UK defence and security company Qinetiq, working in partnership with Aberystwyth University's biosciences centre, has successfully completed the UK's first flight of an autonomous unmanned aerial vehicle (UAV) for agricultural monitoring.
The flight, part of the so-called U-MAP (UAVs for Managing Agricultural Practice) programme - a project supported by the Welsh Assembly - demonstrated the feasibility of using a UAV to deliver high-resolution images to the agricultural, forestry and environmental monitoring sectors.
Farmers and foresters increasingly need accurate and timely information on the state of the land they occupy. For example, by mapping the fertiliser requirements of arable crops, farmers can ensure they only apply the precise amount of fertiliser required, saving them money and preventing the pollution that occurs when nitrate fertilisers are over-applied.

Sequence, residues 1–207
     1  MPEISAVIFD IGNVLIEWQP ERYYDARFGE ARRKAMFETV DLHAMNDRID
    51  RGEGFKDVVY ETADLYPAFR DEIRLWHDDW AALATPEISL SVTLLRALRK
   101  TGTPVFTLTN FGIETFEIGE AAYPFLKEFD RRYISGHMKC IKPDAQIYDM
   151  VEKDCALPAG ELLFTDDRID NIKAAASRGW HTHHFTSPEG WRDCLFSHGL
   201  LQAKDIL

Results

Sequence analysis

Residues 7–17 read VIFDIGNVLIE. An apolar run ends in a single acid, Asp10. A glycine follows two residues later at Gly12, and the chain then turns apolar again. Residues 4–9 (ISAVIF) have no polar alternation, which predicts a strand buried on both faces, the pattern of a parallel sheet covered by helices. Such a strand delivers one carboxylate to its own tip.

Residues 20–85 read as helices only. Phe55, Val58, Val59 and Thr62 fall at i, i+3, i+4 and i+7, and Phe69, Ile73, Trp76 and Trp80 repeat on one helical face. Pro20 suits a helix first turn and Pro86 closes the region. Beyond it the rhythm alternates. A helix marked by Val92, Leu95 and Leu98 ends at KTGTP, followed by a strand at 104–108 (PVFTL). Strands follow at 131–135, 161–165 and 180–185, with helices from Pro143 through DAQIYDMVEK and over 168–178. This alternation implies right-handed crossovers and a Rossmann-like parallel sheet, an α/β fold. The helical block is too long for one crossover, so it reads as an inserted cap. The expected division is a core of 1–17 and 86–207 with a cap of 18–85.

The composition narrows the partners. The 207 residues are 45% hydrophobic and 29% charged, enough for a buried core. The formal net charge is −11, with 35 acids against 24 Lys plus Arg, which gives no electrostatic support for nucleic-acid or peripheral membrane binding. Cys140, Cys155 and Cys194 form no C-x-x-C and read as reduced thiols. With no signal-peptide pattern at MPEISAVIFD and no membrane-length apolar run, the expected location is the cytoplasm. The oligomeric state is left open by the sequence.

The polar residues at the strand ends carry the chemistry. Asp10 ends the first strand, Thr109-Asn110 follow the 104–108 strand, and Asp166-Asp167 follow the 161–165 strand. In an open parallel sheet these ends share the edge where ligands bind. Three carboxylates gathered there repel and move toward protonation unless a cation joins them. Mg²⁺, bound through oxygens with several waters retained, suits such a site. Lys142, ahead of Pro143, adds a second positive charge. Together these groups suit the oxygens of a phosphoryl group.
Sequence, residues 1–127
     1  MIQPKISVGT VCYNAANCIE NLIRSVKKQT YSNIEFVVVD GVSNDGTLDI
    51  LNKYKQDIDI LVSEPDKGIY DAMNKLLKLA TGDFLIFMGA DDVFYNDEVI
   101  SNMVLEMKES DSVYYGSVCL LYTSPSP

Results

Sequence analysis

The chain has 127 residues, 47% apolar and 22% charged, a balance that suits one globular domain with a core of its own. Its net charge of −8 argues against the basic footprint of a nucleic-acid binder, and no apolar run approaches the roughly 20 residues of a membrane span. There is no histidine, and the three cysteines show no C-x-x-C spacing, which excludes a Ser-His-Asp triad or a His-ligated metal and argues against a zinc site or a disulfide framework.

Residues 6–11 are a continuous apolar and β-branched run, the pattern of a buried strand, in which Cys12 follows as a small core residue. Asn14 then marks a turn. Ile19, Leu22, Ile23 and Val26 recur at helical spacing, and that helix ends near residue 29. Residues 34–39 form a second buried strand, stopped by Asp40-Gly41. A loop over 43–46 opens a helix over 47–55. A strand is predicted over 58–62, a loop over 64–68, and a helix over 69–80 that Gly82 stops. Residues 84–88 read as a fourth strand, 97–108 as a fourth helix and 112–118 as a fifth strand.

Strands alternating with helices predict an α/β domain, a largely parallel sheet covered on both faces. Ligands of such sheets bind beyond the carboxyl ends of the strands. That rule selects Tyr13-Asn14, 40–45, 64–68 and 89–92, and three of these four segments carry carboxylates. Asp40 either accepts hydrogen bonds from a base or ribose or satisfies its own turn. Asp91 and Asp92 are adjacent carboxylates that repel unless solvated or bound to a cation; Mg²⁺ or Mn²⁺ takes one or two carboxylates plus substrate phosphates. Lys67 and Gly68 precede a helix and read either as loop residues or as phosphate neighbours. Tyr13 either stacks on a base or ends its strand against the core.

The Qinetiq team acted as systems integrator for the UAV platform and carried out a total of more than 15 flights.
The UAV captured specialised video images that were used to create NDVI (Normalised Difference Vegetation Index) maps - sensitive indicators of the amount of vegetation present that can be used to determine fertiliser requirements.
'With these recent flights we have successfully shown that UAVs are an affordable and flexible alternative to manned aircraft and satellites for the remote sensing of agricultural land,' said Qinetiq's Clive Richardson.